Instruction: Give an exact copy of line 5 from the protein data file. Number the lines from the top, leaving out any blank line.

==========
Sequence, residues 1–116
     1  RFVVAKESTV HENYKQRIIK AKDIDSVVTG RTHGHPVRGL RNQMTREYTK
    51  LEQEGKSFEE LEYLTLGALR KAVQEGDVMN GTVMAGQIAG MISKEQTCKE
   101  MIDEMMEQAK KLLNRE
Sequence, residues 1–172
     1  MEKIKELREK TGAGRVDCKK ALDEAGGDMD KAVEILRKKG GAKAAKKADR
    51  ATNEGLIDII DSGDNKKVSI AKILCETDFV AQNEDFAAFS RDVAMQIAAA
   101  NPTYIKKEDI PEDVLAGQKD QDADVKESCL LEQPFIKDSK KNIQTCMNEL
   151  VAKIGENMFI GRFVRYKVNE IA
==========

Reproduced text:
Sequence, residues 1–172